Daniel Batson believes that empathy generates motivation in individuals to act altruistically. But not everyone agrees with this statement, as there are theories and authors who believe that altruistic behavior as such does not exist, which would be an ideal anyway, ensuring that people always act in search of their own benefit and if the sum of the cost of the reward is positive, ie if helping the other is more positive than negative for us.

        Those who oppose this assumption say that whenever we act in favor of another person, we do it with dual intent., because we only act if it doesn’t cost us and benefit us or make us feel better. Thus, it would be difficult to identify fully altruistic behavior, because to a greater or lesser extent it will always end up bringing us something good, if only to feel good for having helped.

        Another notable point: the hypothesis is mentioned to help only one person, but if we apply it to reality, the number of people who may need help is increasing. Therefore, it would be interesting to study how this affects the appearance of other victims who ask us in our process of motivation, of prosocial conduct. Likewise, there is another variable to consider: the limitation of our useful behavior. Although there are different victims, our behavior cannot cover them all, having to decide how to act.

        Despite the opposition he received, Batson’s Empathy-Altruism Hypothesis maintains and has proven through research and studies, over 35 experiments, which show that empathy and altruism are linked and than it is not true that people always act expecting something in return when we support each other.

        In this regard, it should be noted that Batson was not the only one to plant the influence of empathy for the achievement of altruistic behavior; there are other well-known authors such as the naturist Charles Darwin or the philosopher David Hume who claim that empathy is fundamental for the subject to act in a prosocial manner.

          The good of the other is good for us

          It is also difficult to assess whether a behavior is based on genuine altruism, because it will be difficult to know for sure what the ultimate intention was or how you were looking to feel while having this behavior. But what we’ve observed, being the thing most likely to happen, is that there is a backlash between making the other person feel good and feeling good about themselves.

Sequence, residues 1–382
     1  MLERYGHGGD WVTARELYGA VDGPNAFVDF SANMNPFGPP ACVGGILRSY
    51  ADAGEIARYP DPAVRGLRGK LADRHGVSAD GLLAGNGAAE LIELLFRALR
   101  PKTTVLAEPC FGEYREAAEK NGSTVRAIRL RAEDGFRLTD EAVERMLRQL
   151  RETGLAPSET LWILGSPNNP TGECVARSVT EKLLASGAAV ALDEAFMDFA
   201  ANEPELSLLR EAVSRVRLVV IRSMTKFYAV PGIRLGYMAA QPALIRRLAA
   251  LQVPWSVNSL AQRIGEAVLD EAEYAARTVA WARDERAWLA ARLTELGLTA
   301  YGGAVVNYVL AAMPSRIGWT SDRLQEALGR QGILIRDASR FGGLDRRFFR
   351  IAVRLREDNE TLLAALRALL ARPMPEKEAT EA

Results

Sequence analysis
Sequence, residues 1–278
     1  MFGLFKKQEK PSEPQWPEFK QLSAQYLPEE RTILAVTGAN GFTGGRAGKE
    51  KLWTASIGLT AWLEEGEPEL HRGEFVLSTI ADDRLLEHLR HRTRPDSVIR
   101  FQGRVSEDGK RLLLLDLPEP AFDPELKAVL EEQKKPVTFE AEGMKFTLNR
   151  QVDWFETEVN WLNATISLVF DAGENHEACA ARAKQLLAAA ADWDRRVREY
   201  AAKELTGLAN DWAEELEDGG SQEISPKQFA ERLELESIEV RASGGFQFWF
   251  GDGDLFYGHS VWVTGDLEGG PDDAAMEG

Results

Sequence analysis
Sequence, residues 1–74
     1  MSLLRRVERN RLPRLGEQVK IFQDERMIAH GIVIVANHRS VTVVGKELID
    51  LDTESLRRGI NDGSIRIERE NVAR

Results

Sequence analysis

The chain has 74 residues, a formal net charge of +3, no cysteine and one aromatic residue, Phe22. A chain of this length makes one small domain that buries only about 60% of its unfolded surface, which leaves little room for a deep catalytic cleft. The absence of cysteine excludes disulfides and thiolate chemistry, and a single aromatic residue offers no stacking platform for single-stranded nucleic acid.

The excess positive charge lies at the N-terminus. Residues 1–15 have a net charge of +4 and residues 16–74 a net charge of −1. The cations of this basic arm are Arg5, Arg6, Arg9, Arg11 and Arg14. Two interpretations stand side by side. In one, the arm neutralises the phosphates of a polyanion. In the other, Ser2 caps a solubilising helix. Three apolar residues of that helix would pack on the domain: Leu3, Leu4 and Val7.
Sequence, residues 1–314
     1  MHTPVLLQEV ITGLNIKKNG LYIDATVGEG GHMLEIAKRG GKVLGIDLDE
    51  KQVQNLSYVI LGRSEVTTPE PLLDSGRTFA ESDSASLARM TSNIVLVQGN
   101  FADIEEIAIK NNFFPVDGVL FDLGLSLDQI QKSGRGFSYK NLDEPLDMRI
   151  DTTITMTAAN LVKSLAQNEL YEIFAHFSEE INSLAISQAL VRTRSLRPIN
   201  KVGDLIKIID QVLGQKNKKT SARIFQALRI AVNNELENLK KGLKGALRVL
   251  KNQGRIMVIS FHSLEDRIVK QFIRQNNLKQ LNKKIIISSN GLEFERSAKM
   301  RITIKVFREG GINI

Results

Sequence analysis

If we help another individual with the intention of making them feel better, that is, altruistically, seeing that their condition improves, it will also make us feel good about ourselves if we are. empathetic. Feeling better is not our main goal, but it is a fact that appears when we see the improvement of the other person..

          Considering what has been raised so far, altruistic behavior may be related to self-interest even though this is not its ultimate purpose. By acting with the intention of helping the other, we will also gain ourselves indirectly, which will improve our self-image, our self-esteem, we will feel better about ourselves, thus increasing our chances of acting again. altruistic way. Acting altruistically benefits everyone.

          On the other hand, if the intention of my behavior towards the other is to favor myself (in other words, we act selfishly for the main purpose of our own benefit), it ends up generating bad relationships and anger, as the other person realizes our intentions, or not receiving what we expect, there is a negative reaction that will break the relationship with that person.

          This way, if we want to maintain good relationships and social bonds, the best way to act is altruisticbecause it is what allows connections to continue to give and stay, without being severed by self-interest or by pretending to do a favor. Acting without expecting anything in return sets us free, reassures us and makes us happier if we receive a good deed in return, because it is not what we expected.

          Bibliographical references

          • Ambrona, T (2012) The generalization of the empathy-altruism link when others need it today. Doctoral thesis. Department of Social Psychology and Methodology. Autonomous University of Madrid.
          • Soler, LL. (2020) Selflessness and Empathy. Degree in Philosophy. University of the Balearic Islands.
          • Fernández, M. (2015) Empathy and prosocial acts: on the empathy-altruism hypothesis. Philosophy and history of science in the southern cone.